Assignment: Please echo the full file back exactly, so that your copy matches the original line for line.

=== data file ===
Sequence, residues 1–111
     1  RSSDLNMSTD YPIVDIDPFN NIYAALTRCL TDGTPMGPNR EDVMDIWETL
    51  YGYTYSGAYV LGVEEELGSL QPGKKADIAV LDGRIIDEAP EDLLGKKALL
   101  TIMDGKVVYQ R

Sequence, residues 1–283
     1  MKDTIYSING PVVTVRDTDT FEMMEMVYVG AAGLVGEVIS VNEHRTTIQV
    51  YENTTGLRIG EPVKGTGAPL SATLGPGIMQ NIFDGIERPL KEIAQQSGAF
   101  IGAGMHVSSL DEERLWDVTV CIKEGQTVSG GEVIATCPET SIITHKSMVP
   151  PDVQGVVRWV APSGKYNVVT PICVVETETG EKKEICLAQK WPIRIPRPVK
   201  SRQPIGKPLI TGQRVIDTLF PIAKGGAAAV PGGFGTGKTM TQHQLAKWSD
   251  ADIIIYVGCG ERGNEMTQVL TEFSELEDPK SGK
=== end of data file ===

Sequence, residues 1–111
     1  RSSDLNMSTD YPIVDIDPFN NIYAALTRCL TDGTPMGPNR EDVMDIWETL
    51  YGYTYSGAYV LGVEEELGSL QPGKKADIAV LDGRIIDEAP EDLLGKKALL
   101  TIMDGKVVYQ R

Sequence, residues 1–283
     1  MKDTIYSING PVVTVRDTDT FEMMEMVYVG AAGLVGEVIS VNEHRTTIQV
    51  YENTTGLRIG EPVKGTGAPL SATLGPGIMQ NIFDGIERPL KEIAQQSGAF
   101  IGAGMHVSSL DEERLWDVTV CIKEGQTVSG GEVIATCPET SIITHKSMVP
   151  PDVQGVVRWV APSGKYNVVT PICVVETETG EKKEICLAQK WPIRIPRPVK
   201  SRQPIGKPLI TGQRVIDTLF PIAKGGAAAV PGGFGTGKTM TQHQLAKWSD
   251  ADIIIYVGCG ERGNEMTQVL TEFSELEDPK SGK